Granola software does the equivalent of dimming the lights in your PC to save energy.
MiserWare, which developed Granola, will be one of the roughly 80 startup exhibitors at the Consumer Electronics Show in January. After operating quietly since its founding in 2007, the Virginia Tech spin-out is expected to show off its upcoming energy-saving products.
MiserWare's software works in the background on PCs and servers to ratchet down power without affecting the performance, according to CEO and co-founder Kirk Cameron. There's a free consumer version for Windows and Linux that cuts energy by about 35 percent, along with a paid version for business PCs and data centers.
"If you suddenly switch from using Word to playing World of Warcraft, it knows that right away and it switches to getting maximum performance," he explained.
Granola is different from traditional power management software, which just turns off the monitor or hard drive to save energy, because it can turn power down incrementally on the CPU and other components with a variable power state, he said.
I've been running Granola on my laptop for the last few hours and the software, in autopilot mode, has consistently saved at least 5 percent on my CPU power without any noticeable change in performance. When I launched the most demanding application I use--a video-editing package--the energy-savings rate slipped down a few tenths of a percent.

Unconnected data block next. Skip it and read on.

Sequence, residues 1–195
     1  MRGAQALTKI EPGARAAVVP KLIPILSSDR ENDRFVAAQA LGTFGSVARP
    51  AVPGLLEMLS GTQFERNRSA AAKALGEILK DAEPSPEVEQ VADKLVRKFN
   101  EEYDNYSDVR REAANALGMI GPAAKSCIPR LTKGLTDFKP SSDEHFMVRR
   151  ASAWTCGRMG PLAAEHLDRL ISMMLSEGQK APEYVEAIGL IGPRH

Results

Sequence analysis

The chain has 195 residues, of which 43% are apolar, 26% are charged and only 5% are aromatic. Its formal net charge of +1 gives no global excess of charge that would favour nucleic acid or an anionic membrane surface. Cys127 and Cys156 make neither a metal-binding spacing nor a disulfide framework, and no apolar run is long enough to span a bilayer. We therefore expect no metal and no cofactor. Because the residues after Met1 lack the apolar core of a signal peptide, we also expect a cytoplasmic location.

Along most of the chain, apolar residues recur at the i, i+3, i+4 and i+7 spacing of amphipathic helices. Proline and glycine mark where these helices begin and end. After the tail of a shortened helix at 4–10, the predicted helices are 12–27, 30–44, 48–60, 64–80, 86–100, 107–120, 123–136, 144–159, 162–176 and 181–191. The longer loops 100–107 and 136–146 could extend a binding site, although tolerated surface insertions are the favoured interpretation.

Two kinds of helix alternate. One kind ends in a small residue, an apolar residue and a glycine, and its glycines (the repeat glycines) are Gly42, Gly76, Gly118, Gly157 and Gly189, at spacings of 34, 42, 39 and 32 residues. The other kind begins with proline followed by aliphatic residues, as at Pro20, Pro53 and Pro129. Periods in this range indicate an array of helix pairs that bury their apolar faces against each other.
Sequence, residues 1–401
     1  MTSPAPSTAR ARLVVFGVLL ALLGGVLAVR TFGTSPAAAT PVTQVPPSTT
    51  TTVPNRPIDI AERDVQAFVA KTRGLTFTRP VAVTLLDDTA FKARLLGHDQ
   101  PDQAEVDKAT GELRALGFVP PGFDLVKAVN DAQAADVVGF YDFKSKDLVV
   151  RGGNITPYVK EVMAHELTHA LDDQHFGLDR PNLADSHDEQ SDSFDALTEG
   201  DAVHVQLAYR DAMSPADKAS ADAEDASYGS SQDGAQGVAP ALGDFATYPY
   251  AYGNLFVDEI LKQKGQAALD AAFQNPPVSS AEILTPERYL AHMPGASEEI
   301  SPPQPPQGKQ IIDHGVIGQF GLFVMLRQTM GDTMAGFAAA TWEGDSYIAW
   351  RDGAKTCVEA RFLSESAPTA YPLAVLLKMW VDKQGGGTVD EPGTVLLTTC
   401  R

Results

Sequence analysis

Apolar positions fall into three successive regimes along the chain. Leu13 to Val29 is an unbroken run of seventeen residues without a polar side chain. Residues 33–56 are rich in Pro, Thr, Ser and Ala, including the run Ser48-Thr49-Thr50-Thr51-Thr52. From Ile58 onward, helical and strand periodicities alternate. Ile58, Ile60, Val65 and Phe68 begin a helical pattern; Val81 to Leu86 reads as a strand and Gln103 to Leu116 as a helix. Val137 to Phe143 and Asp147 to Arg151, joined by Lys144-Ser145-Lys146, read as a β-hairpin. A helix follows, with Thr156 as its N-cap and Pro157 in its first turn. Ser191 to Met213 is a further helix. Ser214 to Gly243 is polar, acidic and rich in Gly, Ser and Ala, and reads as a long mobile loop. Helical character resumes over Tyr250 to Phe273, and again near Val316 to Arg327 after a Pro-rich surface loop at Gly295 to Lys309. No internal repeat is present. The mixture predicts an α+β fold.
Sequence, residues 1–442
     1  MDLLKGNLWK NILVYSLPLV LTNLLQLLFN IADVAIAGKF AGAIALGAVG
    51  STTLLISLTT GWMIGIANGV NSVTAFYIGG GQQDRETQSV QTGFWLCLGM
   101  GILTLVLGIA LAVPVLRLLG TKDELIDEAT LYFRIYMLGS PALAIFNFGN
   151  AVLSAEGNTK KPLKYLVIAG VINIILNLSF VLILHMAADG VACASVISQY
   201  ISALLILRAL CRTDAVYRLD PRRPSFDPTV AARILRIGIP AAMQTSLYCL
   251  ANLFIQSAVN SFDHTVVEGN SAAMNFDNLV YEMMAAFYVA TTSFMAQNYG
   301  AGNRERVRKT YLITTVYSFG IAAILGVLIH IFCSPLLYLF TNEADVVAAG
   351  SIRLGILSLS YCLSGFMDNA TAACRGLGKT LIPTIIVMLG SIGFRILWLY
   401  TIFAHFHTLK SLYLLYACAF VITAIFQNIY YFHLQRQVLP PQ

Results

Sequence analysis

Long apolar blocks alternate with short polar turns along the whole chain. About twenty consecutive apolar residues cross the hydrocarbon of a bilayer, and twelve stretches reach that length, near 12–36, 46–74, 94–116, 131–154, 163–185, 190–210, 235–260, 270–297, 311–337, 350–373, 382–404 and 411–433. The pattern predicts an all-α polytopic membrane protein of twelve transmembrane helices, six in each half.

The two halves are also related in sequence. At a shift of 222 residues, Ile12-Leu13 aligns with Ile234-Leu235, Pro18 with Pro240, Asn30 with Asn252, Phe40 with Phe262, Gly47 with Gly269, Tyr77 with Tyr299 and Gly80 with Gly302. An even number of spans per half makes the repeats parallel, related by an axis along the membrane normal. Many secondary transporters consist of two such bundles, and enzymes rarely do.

The technology behind Granola was originally developed for supercomputers which typically are optimized for performance and use huge amounts of power. Cameron and co-founder Joseph Turner licensed the energy measurement and management technology from Virginia Tech and adapted it to work on PCs and servers.
Compute performance isn't compromised because people can set thresholds. For example, a data center operator could configure it so that server processors can run 5 percent to 10 percent slower in the middle of the night when traffic is slower.
Another neat feature is that people can track how much energy they save over time and how that translates to reduced carbon emissions.
The original free version, which has been downloaded about 300,000 times since it was released on Earth Day 2010, was designed for PCs. But the company is now working on a laptop-specific edition and better reporting tools to view energy savings, Cameron said.
Actual dollar savings varies by user but a desktop PC user might save $20 a year, Cameron said. The biggest benefit for laptop users, though, is extending battery life. "Getting 30 minutes more of battery life is probably more valuable than the dollar savings," he said.
The company has raised about $1 million in funding, including an investment from In-Q-Tel, the investment arm of the U.S. intelligence agencies.